U.S. Supreme Court to Hear International Arbitration Appeal With Significant Impact on Discovery in Cross-Border Disputes
On March 22, 2021, the U.S. Supreme Court granted certiorari review of a hotly contested issue of first impression regarding the application of 28 U.S.C. 1782 to private international arbitration. The Supreme Court will be hearing the matter of Servotronics, Inc., v. Rolls-Royce PLC, et al., on appeal from the Seventh Circuit Court of Appeals. Section 1782 permits the taking of discovery in the United States for use in certain foreign proceedings. There is currently a circuit split on this issue of whether Section 1782 applies to private international arbitration, which means that different courts have reached different conclusions. The Supreme Court’s ultimate ruling will clarify the issue so that all courts across the country are under the same guidance.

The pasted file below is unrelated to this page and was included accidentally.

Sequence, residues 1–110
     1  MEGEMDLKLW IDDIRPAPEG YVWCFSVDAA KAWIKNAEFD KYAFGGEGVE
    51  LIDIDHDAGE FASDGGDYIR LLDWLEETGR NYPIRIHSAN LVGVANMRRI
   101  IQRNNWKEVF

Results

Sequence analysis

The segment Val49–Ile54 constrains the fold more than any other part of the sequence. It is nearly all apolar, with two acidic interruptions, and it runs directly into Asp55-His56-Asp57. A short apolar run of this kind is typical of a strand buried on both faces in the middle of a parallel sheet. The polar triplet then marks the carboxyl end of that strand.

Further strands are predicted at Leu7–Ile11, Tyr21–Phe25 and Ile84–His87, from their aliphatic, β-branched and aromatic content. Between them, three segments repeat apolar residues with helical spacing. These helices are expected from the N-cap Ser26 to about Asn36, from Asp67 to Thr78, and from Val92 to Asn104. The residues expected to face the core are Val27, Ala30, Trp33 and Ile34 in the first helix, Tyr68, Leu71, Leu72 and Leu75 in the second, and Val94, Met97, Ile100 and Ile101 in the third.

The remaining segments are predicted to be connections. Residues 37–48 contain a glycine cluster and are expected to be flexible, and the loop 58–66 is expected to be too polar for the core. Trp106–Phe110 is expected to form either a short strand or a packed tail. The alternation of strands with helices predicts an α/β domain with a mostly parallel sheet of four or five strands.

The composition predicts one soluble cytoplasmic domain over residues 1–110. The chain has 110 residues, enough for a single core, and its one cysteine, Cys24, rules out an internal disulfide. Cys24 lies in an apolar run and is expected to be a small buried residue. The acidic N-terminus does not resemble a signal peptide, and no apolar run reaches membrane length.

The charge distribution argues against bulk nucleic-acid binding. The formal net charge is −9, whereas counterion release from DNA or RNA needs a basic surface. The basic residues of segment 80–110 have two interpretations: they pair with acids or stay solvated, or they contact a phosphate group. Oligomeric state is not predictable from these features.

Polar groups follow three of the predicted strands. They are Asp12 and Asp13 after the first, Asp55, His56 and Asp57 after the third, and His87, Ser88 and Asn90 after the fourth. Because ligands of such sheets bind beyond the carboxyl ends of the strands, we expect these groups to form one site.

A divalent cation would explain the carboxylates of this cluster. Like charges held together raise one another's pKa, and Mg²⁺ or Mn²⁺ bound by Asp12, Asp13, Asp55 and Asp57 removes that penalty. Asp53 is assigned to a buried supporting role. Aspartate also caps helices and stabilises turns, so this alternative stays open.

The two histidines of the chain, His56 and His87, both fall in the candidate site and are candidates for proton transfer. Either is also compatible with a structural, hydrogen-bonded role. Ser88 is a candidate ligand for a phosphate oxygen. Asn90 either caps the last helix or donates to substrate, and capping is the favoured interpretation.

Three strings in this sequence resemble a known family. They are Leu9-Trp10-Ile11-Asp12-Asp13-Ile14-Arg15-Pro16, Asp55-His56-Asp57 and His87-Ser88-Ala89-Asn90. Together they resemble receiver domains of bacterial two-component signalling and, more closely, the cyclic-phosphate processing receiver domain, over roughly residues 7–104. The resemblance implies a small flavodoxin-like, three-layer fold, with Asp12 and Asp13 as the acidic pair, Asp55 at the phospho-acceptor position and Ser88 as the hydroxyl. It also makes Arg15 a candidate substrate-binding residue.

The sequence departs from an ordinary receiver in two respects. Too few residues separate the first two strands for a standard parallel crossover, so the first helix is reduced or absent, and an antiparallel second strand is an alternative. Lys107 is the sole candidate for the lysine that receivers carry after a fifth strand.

Katie Burghardt Kramer of DGW Kramer LLP argued this issue to the Ninth Circuit Court of Appeals in September 2020, in the matter of HRC-Hainan Holding Co., LLC v. Yihan Hu. That matter remains pending before the Ninth Circuit. The question of whether Section 1782 applies to private international arbitration is a key issue for international law practitioners and cross-border businesses with operations in the United States. The last time the Section 1782 statute came before the U.S. Supreme Court was in 2004, and litigation involving Section 1782 has increased dramatically since then.
DGW Kramer LLP regularly represents clients in international arbitration matters and in Section 1782 litigation. For more information about the firm’s Section 1782 practice, please visit https://dgwllp.com/en/section-1782/.